Energy Security:

Analysis of Studies on Economic Consequences of an Oil Import Tariff

RCED-89-70BR: Published: Jun 16, 1989. Publicly Released: Jun 16, 1989.

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Pursuant to a congressional request, GAO compared the assumptions and statistical methods of separate studies by the Department of Energy (DOE) and the Harvard University Energy and Environmental Policy Center to determine why the studies reached different conclusions on the economic consequences of a tariff on imported oil.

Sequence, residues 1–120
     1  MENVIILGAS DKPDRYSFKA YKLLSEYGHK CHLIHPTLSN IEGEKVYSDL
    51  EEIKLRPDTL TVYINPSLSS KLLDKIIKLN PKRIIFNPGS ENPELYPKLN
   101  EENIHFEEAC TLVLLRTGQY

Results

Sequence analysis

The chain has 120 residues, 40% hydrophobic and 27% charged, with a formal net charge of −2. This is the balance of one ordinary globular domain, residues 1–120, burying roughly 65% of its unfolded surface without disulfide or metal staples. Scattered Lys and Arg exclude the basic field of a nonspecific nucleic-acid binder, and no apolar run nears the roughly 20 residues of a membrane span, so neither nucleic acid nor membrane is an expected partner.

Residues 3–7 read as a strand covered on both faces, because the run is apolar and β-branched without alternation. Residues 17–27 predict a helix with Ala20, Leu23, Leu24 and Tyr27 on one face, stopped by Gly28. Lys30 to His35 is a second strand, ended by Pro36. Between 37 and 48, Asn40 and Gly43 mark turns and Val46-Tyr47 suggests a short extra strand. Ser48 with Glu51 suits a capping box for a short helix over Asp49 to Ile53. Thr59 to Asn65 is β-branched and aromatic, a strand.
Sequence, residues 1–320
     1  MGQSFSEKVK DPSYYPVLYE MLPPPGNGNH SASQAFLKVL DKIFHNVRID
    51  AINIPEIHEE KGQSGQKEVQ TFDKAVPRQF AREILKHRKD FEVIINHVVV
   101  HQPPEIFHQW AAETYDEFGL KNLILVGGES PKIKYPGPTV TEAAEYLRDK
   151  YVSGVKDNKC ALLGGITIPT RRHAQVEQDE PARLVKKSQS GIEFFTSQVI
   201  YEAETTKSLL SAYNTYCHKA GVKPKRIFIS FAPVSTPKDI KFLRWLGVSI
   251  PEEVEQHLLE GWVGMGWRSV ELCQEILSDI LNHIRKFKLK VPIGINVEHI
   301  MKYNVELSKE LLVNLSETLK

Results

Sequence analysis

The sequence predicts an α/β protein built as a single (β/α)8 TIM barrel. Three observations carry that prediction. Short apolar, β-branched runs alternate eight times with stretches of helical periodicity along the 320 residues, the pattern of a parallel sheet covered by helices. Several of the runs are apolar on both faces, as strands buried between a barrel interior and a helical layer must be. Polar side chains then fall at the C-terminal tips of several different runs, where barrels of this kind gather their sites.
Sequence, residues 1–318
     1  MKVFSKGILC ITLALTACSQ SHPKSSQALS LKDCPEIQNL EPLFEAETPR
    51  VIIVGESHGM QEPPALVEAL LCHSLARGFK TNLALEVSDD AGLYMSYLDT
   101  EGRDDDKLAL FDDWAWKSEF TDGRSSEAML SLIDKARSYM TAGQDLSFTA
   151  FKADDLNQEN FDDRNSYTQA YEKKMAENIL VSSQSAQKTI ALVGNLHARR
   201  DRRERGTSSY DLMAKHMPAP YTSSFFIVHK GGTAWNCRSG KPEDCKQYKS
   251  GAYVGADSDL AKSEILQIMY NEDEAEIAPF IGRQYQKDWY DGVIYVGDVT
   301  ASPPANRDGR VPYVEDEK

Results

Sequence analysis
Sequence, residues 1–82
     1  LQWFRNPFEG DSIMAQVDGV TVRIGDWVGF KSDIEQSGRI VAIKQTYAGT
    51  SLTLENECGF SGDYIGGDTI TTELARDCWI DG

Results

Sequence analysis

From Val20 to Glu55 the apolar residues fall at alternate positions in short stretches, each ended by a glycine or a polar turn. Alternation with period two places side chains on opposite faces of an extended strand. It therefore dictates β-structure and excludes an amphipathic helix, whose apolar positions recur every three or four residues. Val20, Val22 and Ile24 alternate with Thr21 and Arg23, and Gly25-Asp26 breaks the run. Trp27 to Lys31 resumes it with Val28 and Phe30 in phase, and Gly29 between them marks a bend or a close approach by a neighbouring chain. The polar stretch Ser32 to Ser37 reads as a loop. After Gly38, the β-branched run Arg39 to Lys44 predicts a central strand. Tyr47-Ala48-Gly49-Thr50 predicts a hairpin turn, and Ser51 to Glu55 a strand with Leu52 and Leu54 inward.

GAO found that: (1) both studies calculated tariff costs and benefits using economic measures involving welfare losses, the gross national product (GNP), producing countries' tariff shares, and national security; (2) the DOE study, which assumed that the federal government would not change its fiscal or monetary policies to alleviate the recessionary effect of imposing a $10-per-barrel oil import tariff, estimated a net loss of $154 billion to the economy over an 8-year period; (3) the Center's study, which assumed that the government would adopt fiscal and monetary accommodation policies, estimated that the economy would adjust to higher oil prices within 1 year, with a net effect to the economy ranging from a loss of $1 billion to a gain of $10 billion over an 8-year period; (4) both studies' estimates of macroeconomic costs were limited by statistical weaknesses, failure to estimate potential trade losses, and failure to address the impact of deficit reduction on GNP losses; (5) the DOE study's conclusions about the duration and magnitude of GNP losses were within the range of estimates reported in other studies which did not use accommodation policies; and (6) the Center's estimates of GNP losses were smaller than those of other studies which made similar assumptions about accommodation policies.

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